Pine Island Glacier is shrinking
Pine Island Glacier, the largest single contributor to sea-level rise in Antarctica, has started shrinking, say scientists.
The work, published in Nature Climate Change, shows the glacier's retreat may have begun an irreversible process that could see the amount of water it is adding to the ocean increase five-fold.
'At the Pine Island Glacier we have seen that not only is more ice flowing from the glacier into the ocean, but it's also flowing faster across the grounding line - the boundary between the grounded ice and the floating ice. We also can see this boundary is migrating further inland,' says Dr G. Hilmar Gudmundsson from NERC's British Antarctic Survey (BAS), a researcher on the project.
The team, which included scientists from the CSC-IT Center for Science in Finland, the Chinese Academy of Sciences and the Universities of Exeter and Bristol, used three computer models as well as field observations to study how the glacier's ice flows and to simulate how this will change over the coming decades.
'Not only is more ice flowing from the glacier into the ocean, but it's also flowing faster' says Dr Gudmundsson, BAS
All the models agreed that the Pine Island Glacier has become unstable, and will continue to retreat for tens of kilometres.
'The Pine Island Glacier shows the biggest changes in this area at the moment, but if it is unstable it may have implications for the entire West Antarctic Ice Sheet,' says Gudmundsson. 'Currently we see around two millimetres of sea level rise a year, and the Pine Island Glacier retreat could contribute an additional 3.5 - 5 millimeters in the next twenty years, so it would lead to a considerable increase from this area alone. But the potential is much larger.'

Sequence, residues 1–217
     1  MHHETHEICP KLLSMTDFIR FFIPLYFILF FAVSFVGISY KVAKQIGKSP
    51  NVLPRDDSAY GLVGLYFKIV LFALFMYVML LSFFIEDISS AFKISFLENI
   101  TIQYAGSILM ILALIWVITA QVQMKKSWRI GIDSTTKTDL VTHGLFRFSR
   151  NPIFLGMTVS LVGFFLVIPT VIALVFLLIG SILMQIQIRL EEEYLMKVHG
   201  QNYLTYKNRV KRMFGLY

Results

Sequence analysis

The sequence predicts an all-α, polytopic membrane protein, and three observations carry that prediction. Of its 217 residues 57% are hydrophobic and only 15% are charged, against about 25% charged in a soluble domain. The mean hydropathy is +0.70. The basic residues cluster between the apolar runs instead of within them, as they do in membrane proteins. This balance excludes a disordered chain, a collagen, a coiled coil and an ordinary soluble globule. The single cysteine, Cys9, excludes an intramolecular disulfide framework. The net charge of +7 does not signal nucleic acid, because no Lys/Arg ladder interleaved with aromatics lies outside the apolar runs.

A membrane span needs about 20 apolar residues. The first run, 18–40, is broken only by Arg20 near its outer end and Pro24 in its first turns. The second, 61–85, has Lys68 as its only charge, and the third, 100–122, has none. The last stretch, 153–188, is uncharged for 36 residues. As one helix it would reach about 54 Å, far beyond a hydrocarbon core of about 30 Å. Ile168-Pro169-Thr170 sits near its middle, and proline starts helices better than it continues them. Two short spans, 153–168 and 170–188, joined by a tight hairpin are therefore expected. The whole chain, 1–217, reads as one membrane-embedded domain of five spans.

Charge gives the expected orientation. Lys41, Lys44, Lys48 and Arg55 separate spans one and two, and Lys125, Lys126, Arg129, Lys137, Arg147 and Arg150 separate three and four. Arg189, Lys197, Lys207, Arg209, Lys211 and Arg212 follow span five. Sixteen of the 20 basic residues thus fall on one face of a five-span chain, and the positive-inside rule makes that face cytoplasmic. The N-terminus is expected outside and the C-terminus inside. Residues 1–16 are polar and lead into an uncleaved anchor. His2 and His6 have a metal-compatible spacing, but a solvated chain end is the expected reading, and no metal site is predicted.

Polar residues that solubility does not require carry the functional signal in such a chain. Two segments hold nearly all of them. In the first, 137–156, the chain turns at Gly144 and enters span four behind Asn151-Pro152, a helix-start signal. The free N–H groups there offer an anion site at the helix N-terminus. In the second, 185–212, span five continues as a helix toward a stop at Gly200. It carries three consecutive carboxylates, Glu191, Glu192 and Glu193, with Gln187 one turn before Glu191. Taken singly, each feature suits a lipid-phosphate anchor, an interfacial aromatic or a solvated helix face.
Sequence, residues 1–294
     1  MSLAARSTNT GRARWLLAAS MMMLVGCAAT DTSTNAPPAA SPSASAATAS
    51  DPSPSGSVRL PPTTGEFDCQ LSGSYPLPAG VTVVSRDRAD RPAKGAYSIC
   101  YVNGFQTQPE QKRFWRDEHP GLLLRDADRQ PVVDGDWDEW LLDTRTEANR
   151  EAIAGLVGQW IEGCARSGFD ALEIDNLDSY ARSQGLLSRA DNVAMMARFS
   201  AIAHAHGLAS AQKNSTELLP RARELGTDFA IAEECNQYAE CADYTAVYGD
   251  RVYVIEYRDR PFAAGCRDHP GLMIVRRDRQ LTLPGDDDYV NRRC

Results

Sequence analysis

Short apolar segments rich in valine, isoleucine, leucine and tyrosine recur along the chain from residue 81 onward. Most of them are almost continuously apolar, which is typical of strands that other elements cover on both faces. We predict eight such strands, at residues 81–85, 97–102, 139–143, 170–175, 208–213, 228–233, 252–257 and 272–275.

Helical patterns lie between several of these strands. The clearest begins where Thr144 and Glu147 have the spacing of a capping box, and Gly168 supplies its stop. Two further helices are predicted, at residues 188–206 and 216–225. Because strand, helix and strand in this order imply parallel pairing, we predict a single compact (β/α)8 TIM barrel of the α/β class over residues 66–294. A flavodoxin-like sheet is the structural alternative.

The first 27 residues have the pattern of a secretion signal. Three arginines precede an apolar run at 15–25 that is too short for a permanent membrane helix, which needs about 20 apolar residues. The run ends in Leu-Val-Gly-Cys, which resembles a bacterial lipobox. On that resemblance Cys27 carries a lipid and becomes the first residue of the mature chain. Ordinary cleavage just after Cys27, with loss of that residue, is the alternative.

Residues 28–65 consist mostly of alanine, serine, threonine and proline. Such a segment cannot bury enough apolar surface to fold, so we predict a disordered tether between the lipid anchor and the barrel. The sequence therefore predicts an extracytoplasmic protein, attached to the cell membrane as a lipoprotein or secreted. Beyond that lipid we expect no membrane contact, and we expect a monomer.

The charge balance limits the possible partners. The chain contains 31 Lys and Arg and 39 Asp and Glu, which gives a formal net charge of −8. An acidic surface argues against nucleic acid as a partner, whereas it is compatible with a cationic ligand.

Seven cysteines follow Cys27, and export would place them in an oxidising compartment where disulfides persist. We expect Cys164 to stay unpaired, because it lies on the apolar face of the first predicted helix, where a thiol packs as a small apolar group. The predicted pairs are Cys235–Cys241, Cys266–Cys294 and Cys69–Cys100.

Photo shows East Side Rifts Pine Island Glacier, Antarctica.
As Pine Island Glacier accelerated over the last decade, an accompanying series of large rifts (deep features in transition region from crevassed to smooth surface) developed on the east side of the shelf near the grounding line (see location map). A larger set of rifts formed on the western side of the shelf over the same period. Credit Washington University.
Read more at Planet Earth online.